The mobile wallet has arrived, at least in a limited form, as was announced today at Google's press event in New York City. The company announced two new products, the NFC-based Google Wallet and Google Offers.
The two products constitute the realization by the wireless industry of a long-imagined solution that would allow users to replace physical cards, such as credit cards, driver's licenses and loyalty cards, with their smartphones.
Stephanie Tilenius, vice president of commerce at Google, plainly stated, "Your phone will be your wallet...just tap, pay, save," according to a live blog of the even posted on Engadget.
Today's demonstrations of the technology showecased the way initial pilot partners, such as American Eagle, are alrady using Google Wallet and Offers in their businesses today. Users can find offers in emails and online, which are then saved to Google Wallet. When the user pays for goods or services at an NFC-enabled Point of Sale (POS) terminal, discounts are automatically applied and the transaction is completed using a credit card or prepaid Google card stored in the wallet.
Google used the latest Nexus S device, which was one of the first smarpthones to come equipped with NFC, to demonstrate how the digital wallet will work.
Rob von Behren, a secruity expert for Google, was on hand at the event. He explained the the chip that Google uses, the NXP PN65, will not activate without the user having first met various requirments. "The chip itself is only turned on when the wallet is opened and unlocked, meaning you don't have to worry about someone scanning your card when you're just walking down the street," von Berhren said.
Limited pilot programs are currently running around the country at various retail outlets. Citibank and Sprint were also named as partner, but the company promises many more to get invovled as things move forward.
While today's announcement has been a long time in coming, you might not want to throw away your plastic and old-fashioned wallet just yet. Adam Blum, CEO of Rhomobile, whose company recently added NFC capabilities to its developer platform, says Google's announcement is just the tip of the iceberg.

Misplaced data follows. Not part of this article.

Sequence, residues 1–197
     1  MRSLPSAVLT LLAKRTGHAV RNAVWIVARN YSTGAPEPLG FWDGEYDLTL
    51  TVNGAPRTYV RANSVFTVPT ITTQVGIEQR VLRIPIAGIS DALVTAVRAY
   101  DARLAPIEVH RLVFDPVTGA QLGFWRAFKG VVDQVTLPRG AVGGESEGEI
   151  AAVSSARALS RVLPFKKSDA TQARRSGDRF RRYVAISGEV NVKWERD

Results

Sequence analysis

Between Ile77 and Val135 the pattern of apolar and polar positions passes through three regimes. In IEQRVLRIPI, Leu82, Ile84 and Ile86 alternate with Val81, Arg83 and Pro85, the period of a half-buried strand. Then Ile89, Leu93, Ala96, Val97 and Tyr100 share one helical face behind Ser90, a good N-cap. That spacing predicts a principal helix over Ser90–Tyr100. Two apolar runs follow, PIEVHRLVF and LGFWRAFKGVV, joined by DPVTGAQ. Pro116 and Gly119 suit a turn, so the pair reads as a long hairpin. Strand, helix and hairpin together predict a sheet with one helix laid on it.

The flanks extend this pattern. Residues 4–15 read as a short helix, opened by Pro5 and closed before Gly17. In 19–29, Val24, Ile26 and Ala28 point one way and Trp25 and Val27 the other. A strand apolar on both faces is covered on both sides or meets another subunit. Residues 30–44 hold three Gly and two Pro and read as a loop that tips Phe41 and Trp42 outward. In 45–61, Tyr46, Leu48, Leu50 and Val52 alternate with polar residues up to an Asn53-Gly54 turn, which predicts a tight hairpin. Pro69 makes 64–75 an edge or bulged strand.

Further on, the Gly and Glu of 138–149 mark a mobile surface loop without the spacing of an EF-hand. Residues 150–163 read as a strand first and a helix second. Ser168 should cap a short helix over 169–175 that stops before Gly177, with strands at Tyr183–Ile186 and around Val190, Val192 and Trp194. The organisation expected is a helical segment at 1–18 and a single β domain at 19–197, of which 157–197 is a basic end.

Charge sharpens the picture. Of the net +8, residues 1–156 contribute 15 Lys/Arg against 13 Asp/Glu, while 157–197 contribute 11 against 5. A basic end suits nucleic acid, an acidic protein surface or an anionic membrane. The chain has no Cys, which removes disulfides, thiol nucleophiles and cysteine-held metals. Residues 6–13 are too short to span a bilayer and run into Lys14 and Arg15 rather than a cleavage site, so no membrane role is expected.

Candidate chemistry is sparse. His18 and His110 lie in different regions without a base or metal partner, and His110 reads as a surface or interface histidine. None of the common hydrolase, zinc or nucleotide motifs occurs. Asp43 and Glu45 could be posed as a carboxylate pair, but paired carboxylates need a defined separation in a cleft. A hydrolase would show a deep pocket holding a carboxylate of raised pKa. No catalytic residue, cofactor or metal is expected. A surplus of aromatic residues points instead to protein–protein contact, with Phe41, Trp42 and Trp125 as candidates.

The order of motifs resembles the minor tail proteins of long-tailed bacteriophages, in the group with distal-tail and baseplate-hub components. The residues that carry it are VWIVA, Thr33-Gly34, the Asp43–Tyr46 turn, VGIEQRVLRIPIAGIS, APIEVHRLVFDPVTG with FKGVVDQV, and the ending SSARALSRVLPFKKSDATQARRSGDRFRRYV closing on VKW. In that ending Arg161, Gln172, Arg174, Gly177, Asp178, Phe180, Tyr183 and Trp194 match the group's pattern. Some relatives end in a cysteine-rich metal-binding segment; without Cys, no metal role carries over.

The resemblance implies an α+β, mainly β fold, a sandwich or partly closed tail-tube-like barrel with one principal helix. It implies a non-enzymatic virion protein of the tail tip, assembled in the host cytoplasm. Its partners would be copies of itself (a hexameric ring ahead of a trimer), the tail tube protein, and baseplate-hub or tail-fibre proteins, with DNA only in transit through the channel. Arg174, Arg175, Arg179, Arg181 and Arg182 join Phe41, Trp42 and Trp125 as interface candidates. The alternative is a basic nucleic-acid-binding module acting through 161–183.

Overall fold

Blum said that a standards-based approach is a definite sign of maturity for NFC technology, but also said that near-term Google Wallet and Offers will mainly serve to drive a broader ecosystem of non-payment related NFC applications.
"Over the shorter term, this is going to drive NFC-based solutions like device-to-device communicataions, NFC-tagged objects, NFC-based inventory solutions...Those things are going to happen sooner than ubiquitous NFC-based wallets," Blum said.
Blume said that the idea of taking your phone back to the front of the store and simply tapping your phone at POS terminal, as opposed to sliding a credit card through the machine, is really not the end-all for the way this technology could change consumer habits.
"I hope that long term the partners in this space will leverage NFC tags. The way you'll actually purchase in the future, you'll go in and make the purchases as you go by tapping your phone on the tag of each individual item, and there won't be this dedicated NFC reader device that you touch your phone to at the front of the store," Blum said.
Blum’s comments address a huge challenge ahead for ubiquitous adoption of NFC-based payments, namely the fact that POS terminals at businesses across the country will have to be retooled to accept this form of payment.
Shares of Google’s stock were down 2 points, to $515, in afternoon trading.